• jsNG

    Like many programmers, I have a couple of “Hello, World” projects that I’ve carried with me over the years. One is 5x5 (which has been used to get to grips with things as diverse as the Palm Pilot and GNU emacs). Another is Norton Guides database readers.

    I’ve made Norton Guides tools that have allowed web servers to serve guides (w3ng), that have allowed you to convert guides to HTML (ng2html), that have let you read guides on OS/2 and GNU/Linux (eg) and also have let you read guides in Microsoft Windows (weg). It’s a problem I know fairly well and one where I know the solution well enough so I can concentrate on learning the new language or environment.

    Recently I wanted to get to grips with some “pure” ES6 coding while also getting to know node.js. A new version of the Norton Guide code, written for this environment, seemed like a good thing to do.

    And so jsNG was born.

    At its core is a library of code for opening and reading data from Norton Guides databases. While I doubt it’s good ES6 code, or even good node.js code, it’s been very useful in giving me a fun problem to solve and it’ll carry on being something I’ll tweak and tinker with by way of trying new things out.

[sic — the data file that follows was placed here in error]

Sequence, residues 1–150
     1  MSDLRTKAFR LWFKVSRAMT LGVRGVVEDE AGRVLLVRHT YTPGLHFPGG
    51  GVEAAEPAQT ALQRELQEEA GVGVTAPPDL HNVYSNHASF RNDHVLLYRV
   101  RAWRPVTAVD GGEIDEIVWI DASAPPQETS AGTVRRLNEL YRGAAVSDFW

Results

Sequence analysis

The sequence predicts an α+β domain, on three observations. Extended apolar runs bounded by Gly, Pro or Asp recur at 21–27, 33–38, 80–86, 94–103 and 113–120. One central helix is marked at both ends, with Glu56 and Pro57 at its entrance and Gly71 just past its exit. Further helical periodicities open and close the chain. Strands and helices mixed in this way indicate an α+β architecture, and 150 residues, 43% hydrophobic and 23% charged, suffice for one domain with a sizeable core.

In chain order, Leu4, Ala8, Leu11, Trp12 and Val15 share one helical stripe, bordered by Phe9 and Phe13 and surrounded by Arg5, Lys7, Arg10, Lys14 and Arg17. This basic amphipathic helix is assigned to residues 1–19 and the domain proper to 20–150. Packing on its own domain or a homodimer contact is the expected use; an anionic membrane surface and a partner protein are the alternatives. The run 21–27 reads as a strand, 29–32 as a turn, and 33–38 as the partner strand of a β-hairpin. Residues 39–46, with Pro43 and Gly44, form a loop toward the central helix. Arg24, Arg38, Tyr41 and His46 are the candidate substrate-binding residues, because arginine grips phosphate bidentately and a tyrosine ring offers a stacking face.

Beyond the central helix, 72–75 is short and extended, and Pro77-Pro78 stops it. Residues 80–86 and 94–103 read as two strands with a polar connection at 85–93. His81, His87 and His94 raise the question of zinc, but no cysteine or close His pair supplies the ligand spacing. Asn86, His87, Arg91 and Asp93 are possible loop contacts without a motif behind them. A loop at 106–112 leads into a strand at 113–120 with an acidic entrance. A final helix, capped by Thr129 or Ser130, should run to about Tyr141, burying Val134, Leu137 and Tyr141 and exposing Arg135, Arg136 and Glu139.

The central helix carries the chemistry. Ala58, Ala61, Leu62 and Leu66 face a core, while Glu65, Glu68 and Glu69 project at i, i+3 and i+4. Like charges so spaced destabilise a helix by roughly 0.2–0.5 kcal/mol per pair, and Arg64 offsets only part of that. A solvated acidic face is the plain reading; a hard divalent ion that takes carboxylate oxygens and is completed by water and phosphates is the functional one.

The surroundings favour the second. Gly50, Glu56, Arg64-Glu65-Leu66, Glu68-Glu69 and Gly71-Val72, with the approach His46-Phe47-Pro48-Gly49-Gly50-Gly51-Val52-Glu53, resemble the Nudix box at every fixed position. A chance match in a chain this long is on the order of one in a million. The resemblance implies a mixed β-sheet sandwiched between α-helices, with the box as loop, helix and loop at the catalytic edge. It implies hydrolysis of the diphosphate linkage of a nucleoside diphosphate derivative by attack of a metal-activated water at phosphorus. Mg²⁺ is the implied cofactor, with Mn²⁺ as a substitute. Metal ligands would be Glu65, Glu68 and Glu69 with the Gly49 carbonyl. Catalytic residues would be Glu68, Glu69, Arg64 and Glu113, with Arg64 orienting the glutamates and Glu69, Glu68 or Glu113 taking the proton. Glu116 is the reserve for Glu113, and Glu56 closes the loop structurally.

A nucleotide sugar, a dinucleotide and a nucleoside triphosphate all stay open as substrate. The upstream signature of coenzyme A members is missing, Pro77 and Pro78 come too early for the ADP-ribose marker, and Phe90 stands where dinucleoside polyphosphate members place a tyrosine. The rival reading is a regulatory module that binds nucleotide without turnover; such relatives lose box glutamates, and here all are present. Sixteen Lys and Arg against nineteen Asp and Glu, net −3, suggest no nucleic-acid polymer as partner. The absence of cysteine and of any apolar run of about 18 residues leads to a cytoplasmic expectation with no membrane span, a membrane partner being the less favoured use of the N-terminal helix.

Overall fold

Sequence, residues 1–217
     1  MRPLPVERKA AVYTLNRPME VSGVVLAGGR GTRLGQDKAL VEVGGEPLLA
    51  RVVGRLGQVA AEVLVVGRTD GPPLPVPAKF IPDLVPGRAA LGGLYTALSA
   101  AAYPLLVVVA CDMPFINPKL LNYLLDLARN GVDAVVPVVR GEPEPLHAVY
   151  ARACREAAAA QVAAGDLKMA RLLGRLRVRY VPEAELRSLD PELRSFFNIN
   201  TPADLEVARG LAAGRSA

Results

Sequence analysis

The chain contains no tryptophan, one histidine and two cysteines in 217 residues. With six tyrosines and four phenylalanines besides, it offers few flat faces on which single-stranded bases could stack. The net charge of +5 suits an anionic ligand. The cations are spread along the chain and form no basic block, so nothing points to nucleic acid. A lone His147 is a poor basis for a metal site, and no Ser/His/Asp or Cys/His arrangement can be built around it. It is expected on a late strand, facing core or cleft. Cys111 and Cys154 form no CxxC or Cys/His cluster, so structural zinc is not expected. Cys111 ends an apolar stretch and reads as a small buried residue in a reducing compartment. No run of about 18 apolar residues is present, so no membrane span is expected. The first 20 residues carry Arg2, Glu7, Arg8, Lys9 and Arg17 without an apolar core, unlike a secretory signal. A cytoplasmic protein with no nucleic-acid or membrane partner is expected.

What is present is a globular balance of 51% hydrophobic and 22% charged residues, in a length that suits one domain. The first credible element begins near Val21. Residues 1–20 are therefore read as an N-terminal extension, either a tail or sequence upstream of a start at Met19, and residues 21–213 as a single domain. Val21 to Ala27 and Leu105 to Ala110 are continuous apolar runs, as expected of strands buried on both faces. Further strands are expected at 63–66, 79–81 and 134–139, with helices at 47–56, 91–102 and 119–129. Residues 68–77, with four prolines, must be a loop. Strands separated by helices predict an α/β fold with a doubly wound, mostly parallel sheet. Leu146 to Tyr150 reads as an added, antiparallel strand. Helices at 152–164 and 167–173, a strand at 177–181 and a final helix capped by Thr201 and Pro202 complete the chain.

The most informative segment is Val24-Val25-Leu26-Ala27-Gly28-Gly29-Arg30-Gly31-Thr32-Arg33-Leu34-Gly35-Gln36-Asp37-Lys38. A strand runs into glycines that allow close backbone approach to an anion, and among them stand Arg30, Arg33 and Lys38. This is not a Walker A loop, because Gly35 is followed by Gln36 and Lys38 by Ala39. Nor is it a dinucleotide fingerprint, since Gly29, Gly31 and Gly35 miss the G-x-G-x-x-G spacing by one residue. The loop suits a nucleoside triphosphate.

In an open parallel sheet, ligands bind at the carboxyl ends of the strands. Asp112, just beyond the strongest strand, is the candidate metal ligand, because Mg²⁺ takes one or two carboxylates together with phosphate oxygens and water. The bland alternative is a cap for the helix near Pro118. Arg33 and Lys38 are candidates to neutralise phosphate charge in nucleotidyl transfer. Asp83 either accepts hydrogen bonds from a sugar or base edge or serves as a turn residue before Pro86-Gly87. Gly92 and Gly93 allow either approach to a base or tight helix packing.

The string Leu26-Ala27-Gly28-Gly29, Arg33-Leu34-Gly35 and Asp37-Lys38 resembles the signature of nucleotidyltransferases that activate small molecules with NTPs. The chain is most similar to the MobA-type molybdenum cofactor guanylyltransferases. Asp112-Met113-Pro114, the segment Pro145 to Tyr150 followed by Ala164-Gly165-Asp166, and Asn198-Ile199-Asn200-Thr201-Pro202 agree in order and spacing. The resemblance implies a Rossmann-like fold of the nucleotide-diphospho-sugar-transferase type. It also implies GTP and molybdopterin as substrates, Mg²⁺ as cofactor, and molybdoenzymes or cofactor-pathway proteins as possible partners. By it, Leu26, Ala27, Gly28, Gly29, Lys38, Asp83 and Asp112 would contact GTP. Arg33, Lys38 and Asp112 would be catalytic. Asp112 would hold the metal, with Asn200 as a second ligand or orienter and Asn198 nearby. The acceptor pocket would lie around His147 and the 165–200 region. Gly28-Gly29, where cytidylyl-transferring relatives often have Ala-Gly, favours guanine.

On top of this I’ve built a handful of tools for working with Norton Guides databases. The most useful one at the moment (the others are more in the “test the library” than the “make something handy with the library” category) is ngserve. This is designed as a simple Norton Guides database HTTP server.

    ngserve in action

    When run, you give it a list of guides to serve:

    Starting ngserve

    and it does the right thing. It has a small number of command line options that help configure what it does:

    ngserve command line options

    Possibly the most useful are the ones that let you change how it handles “higher” DOS characters and, if you don’t like the default colours and stuff, the option that lets you point to your own style sheet (note for now you’ll need to host the stylesheet somewhere else – ngserve won’t serve it for you; I’m aiming to change that in some way in the near future).

    jsNG does have a fairly basic design compromise at its heart. In the very early version I started out using the async functions for opening and reading the guides. This got very tedious very quickly and I could see that it was going to make for a very messy library with a very messy interface. While it might not be in the spirit of node.js programming I decided to go with the sync version of the file IO functions and code up the core library based around this.